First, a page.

#RPGaDay2020 Day 30 - "Portal"

 


You unlock this door with the key of imagination. Beyond it is another dimension: a dimension of sound, a dimension of sight, a dimension of mind. You're moving into a land of both shadow and substance, of things and ideas. Twilight Zone, Seasons 4 and 5 opening

Today's word, portal, got me thinking about things that takes people from where they are now, to some other place. Sometimes those things are subtle: walking into the throne room of royalty or the Oval Office of the United States. These are in some ways just going through a simple door to a place that is only a few feet different...just one room over--but in context is a shift to a physical center of true power.

Of course, there are portals that dramatically take let you take a non-linear jump to a different location, such as the Dimension Door spell (or the incredibly popular video game, Portal.) or which take you to entirely different planes of existence.

Rather than a treatise on planar topologies, though, what today's art inspired was a desire to consider the idea of gateway games, which help people seamlessly move from being non-gamers, to being fans to being lifelong members of the hobby. In the picture above, the first few steps through the portal are no different that on our side, but things change and warp and move beyond that--and this is the journey I want to explore.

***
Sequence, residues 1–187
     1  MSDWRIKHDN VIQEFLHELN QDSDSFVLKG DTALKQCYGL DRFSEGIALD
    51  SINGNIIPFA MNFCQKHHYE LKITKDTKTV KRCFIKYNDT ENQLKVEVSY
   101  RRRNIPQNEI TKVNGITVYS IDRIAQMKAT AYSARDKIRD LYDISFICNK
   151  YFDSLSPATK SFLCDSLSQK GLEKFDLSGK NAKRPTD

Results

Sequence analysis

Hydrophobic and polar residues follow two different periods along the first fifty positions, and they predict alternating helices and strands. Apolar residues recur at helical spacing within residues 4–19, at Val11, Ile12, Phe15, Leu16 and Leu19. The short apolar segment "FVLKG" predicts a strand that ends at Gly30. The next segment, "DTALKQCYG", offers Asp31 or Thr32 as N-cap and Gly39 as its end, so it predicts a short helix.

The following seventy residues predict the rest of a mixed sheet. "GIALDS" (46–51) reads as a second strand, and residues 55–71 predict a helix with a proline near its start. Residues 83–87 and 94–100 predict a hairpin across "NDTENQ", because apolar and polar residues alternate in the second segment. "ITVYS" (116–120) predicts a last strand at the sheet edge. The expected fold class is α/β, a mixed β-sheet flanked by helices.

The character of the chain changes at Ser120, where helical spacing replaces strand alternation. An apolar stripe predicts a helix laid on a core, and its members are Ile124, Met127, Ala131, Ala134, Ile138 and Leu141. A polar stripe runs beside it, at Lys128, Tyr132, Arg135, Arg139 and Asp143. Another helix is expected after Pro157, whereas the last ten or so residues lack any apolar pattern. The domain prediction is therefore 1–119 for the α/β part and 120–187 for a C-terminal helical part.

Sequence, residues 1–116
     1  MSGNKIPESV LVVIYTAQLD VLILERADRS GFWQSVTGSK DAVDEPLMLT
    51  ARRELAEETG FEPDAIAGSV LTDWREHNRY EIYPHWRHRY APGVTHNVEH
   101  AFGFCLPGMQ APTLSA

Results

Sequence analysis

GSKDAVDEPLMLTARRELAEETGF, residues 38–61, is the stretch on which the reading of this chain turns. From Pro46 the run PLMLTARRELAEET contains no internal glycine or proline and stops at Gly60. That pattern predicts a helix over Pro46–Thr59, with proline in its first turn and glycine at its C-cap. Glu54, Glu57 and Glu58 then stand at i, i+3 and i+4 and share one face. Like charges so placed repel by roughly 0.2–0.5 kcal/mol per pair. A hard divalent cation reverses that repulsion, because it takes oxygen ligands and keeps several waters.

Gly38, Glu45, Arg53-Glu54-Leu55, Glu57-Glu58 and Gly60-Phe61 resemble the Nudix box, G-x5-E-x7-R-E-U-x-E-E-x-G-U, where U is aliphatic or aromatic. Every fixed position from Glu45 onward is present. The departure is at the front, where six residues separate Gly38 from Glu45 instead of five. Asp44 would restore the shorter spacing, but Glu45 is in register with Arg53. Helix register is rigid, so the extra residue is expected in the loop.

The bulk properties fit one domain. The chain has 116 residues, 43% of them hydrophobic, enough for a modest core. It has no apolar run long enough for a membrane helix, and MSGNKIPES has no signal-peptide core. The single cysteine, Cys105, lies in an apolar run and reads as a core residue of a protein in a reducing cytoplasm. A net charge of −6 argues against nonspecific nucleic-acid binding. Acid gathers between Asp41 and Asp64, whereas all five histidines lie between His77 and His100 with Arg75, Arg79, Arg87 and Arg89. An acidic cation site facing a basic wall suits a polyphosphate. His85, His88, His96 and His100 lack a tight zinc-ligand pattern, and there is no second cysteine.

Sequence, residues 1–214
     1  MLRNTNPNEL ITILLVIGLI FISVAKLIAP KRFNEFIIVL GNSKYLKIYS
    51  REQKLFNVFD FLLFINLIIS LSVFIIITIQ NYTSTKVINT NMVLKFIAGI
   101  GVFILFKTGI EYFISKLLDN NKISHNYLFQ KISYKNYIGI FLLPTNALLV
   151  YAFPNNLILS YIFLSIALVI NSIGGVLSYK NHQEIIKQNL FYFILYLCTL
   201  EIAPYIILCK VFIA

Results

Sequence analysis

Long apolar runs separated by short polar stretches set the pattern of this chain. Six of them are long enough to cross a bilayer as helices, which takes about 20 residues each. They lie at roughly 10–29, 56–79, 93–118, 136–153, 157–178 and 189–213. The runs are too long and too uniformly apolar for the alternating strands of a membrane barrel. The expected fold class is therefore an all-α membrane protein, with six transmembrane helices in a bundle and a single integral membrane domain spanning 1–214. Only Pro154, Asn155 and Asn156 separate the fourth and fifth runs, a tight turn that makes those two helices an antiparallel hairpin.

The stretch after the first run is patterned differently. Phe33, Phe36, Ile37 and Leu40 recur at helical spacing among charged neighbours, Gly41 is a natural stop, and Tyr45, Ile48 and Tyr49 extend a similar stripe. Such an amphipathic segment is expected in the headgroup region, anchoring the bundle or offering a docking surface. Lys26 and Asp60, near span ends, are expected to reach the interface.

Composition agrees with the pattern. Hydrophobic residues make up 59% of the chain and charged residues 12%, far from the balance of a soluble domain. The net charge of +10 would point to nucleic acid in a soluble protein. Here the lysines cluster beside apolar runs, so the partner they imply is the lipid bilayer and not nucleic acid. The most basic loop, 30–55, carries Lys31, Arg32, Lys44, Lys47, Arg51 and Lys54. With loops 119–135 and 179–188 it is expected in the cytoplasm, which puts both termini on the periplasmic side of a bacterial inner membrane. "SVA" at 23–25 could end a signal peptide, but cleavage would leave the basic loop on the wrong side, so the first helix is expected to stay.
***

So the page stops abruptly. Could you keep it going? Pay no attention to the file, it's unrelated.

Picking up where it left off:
Knowing there is a door

There is a lot of discussion on various forum boards about the best games to get people interested in the hobby. And the fact is, the best game for making this transition is an invitation, a group of enthusiastic players and a GM who helps the new player enjoy the game without having to understand the rules. The simplest and most approachable mechanics in the world are nothing compared to a GM who can make people feel comfortable and engaged when they say "You are being attacked, and need to counter attack. Your weapon is a sword--shown *there*. Roll a d20 and add the +tohit value. If I tell you that you hit, roll the d10 and add the +dam value. The rest of the page doesn't matter right now." (Caveat: Some players pick up the hobby much faster than others. And I've learned that ff they want to fly solo..let them! They'll ask if they have questions. Not looking at you, older daughter.)